Where Homilies Go Wrong

Claretian Appeals for More Attention to Reality and Less to Rhetoric

| 427 hits

BARCELONA, Spain, JULY 18, 2003 (Zenit.org).- Most of the faithful seem to share the same opinion about Sunday homilies, says a theologian. And it's not good.



"I don't understand what the priest says in the homilies," is what many Catholics in the pews say, according to Claretian Father Teofilo Cabestrero.

"It is not a criticism," he says. "It is a fact."

Father Cabestrero maintains that "people want to understand what we say in liturgical celebrations, and what we preach in homilies; they need to understand Christian language from the reality of their lives and for their lives."

The Claretian explained his conviction in the Spanish-language "Are Our Homilies Understood? The Need for a More Communicative Language," published in May by the Liturgical Pastoral Center.

The author said that the problem of homilies is not just the form (the language) but also the more basic part (the content), which must be more witnessed.

Father Cabestrero, born in 1931, is a specialist in pastoral care and catechesis, in addition to having a doctorate in theology and teaching in academic centers in Spain and Guatemala.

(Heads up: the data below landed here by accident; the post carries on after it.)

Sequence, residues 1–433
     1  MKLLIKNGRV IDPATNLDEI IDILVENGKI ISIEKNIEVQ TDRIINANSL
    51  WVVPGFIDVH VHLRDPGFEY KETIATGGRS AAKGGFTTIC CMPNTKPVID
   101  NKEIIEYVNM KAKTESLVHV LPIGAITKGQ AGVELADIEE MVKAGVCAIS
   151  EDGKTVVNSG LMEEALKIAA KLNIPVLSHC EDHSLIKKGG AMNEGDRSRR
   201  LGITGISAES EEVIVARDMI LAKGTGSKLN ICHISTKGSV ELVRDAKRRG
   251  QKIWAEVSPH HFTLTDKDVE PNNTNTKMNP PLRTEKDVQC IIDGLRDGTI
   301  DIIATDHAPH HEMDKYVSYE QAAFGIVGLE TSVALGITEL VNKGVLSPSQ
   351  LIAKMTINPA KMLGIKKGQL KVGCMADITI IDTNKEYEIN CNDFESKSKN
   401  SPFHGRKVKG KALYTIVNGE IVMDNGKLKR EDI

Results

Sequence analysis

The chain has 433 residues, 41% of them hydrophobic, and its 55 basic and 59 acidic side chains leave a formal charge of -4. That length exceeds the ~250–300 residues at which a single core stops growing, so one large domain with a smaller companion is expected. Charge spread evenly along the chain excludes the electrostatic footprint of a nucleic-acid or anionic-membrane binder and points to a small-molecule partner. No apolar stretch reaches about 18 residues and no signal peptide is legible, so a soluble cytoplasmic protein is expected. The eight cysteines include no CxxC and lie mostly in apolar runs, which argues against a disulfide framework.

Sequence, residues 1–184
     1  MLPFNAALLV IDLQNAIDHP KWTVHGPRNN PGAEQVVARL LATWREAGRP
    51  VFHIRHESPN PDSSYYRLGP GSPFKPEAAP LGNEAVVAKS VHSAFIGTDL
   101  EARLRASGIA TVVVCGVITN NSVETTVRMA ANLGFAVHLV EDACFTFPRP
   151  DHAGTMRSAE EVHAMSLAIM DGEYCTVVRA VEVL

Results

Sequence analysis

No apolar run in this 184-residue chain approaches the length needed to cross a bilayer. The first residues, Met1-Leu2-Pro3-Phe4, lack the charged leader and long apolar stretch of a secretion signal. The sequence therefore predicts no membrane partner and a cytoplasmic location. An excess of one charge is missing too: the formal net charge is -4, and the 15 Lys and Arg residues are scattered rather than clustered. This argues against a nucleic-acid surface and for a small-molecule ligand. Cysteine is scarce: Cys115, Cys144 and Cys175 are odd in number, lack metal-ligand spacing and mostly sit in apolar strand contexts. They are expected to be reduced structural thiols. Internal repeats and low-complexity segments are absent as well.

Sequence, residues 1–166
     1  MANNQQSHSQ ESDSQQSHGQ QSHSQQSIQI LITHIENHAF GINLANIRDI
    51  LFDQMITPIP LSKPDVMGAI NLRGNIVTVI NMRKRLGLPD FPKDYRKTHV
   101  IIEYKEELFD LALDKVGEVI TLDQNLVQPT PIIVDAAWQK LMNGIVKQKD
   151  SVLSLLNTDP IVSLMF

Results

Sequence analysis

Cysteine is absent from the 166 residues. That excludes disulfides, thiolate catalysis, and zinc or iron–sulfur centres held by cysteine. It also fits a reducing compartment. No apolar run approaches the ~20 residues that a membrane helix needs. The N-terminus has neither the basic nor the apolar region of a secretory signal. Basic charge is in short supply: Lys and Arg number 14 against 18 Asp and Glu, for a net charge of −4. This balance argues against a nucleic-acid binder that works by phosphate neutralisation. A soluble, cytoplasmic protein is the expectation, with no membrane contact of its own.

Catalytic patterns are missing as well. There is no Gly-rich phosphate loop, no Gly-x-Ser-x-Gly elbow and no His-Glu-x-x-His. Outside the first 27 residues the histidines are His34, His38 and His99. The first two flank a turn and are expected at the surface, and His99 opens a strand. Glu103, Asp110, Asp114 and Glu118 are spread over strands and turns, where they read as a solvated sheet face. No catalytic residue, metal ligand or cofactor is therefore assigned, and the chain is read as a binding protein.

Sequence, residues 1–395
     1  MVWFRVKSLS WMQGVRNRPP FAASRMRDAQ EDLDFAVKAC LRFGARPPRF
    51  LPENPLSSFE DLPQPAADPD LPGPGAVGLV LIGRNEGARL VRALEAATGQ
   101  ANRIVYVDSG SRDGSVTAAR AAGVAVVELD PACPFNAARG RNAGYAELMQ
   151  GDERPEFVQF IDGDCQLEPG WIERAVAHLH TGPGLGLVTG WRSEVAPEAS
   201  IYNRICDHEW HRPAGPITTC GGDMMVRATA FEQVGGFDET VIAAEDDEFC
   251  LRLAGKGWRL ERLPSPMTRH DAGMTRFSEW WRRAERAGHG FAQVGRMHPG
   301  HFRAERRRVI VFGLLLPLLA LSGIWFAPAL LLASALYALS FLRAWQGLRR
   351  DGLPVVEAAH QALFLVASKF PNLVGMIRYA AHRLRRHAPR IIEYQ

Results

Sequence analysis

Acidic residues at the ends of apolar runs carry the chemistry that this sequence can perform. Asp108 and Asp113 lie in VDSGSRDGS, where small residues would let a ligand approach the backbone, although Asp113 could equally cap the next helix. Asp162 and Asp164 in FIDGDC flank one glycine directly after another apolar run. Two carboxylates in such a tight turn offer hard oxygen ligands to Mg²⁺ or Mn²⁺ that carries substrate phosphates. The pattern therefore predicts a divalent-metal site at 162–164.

He believes that a homily must change the life of the one who hears it. "We are asked to speak more of Jesus, to illuminate with the Gospel the real problems that ordinary people live and suffer," he says.

The priest points out that "to the difficulties proper to all verbal language are added the difficulties posed by the Word of God proclaimed in the language of the Bible, culturally distant from us."

"The homily must be brief," Father Cabestrero emphasizes, convinced that formation and preparation are essential. "The language of the homily will fail if the one who speaks it does not have a thorough knowledge of the biblical-liturgical message he must transmit."

The preacher will also fail if he does not "express the message so that it is perceived as good news of the God of Jesus for their lives."

The key element, however, is the language of witness. "Today, homilies need the language of witnesses," he says. Christian witness "must be simple and helpful, free and respectful of the freedom of others and as full of discretion as it is of clarity and truth."